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In These U.S. Cities, Earning a $150,000 Salary Is Considered 'Lower Middle Class,' According to a New Report A new study highlights the U.S. cities where your money stretches the least.

By Emily Rella

entrepreneur daily
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Arlington Memorial Bridge with Arlington House in Arlington National Cemetery in background

Rising costs associated with inflation, mortgage rates, insurance premiums, and other economic concerns have set new standards of "success" in the U.S., according to a new study by personal finance site GoBankingRates.

The report, which looked at the cost of living compared to salaries in different cities across the U.S. revealed that in certain U.S. cities, making $150,000 or less can be considered "lower-middle class."

The city topping the list is Arlington, Virginia, where residents making between $91,000 and $152,000 are considered lower middle class due to the area's high cost of living (41% higher than the U.S. national average).

"Clients I work with in Arlington are seeing that impact with the cost of housing, transportation, healthcare, education, and general lifestyle," Financial advisor Rodney Griffin with Northwestern Mutual told GoBankingRates. "While $150,000 may be a comfortable salary in some places, high demand from many people with comparative salaries can create an increased cost of living."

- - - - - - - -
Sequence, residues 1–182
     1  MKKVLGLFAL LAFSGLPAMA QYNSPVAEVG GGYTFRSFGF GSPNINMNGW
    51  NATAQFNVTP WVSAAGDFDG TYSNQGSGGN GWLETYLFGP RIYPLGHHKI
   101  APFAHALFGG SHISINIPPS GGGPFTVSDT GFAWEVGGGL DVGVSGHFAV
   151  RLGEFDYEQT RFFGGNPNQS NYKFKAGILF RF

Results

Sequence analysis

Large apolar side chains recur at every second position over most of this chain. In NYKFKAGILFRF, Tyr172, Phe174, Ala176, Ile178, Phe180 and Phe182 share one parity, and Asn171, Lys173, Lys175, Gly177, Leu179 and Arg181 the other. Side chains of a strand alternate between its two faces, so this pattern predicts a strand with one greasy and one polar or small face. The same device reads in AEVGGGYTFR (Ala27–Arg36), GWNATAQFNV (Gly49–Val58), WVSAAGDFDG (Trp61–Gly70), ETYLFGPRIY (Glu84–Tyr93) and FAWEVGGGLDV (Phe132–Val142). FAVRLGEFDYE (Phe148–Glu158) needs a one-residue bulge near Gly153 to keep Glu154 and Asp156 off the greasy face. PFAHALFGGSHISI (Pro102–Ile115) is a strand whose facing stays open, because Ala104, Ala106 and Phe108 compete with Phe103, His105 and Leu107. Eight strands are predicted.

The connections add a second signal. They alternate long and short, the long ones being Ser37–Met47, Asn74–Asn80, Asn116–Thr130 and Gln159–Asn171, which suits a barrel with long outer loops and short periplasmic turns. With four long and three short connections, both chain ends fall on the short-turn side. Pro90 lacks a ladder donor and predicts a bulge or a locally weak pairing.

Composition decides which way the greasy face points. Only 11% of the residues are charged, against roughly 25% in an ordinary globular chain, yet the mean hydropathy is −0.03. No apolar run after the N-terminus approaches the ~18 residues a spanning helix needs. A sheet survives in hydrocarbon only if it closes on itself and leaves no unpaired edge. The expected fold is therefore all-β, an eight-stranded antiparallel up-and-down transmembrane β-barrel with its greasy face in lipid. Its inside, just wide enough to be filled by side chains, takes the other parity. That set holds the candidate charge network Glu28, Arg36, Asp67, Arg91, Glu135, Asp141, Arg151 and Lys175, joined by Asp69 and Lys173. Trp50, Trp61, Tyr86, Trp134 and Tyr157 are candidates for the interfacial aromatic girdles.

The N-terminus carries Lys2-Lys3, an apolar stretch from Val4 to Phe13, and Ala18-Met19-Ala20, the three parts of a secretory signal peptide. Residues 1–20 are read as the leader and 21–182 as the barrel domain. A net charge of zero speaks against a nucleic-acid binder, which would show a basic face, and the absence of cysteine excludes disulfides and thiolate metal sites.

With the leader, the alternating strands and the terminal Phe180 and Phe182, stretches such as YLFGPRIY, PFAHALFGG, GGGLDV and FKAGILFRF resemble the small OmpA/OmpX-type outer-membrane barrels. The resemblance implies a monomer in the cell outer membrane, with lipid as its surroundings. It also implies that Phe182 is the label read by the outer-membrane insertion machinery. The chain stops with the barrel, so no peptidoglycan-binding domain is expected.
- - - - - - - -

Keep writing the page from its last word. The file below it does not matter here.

Related: These Are the Most Expensive Cities to Live in for 2023-2024

Arlington's proximity to Washington, D.C., makes it a compelling choice for those working for the government or other industries in the nation's capital.

According to RentCafe, the median household income for Arlington residents is $128,000.

Arlington is closely followed by three California cities — San Francisco, San Jose, and Irvine — and then Seattle (WA), Gibert (AZ), Plano (TX), Scottsdale (AZ), and Washington D.C., and Chandler (AZ) round out the Top 10.

Related: 10 Most Expensive States for Singles to Meet Basic Needs

"In these high-cost cities, the exorbitant price of basics like housing, childcare, and transportation means that middle-class families find themselves stretched thin financially even on relatively high household incomes," the study said. "It raises questions about what it means to be 'rich' versus 'middle class' in different parts of the country."

Most recent data from the US Bureau of Labor found that in Q4 of 2023, the average salary for U.S. residents was $59,384, an over 5% increase from last year.

Emily Rella

Entrepreneur Staff

Senior News Writer

Emily Rella is a Senior News Writer at Entrepreneur.com. Previously, she was an editor at Verizon Media. Her coverage spans features, business, lifestyle, tech, entertainment, and lifestyle. She is a 2015 graduate of Boston College and a Ridgefield, CT native. Find her on Twitter at @EmilyKRella.

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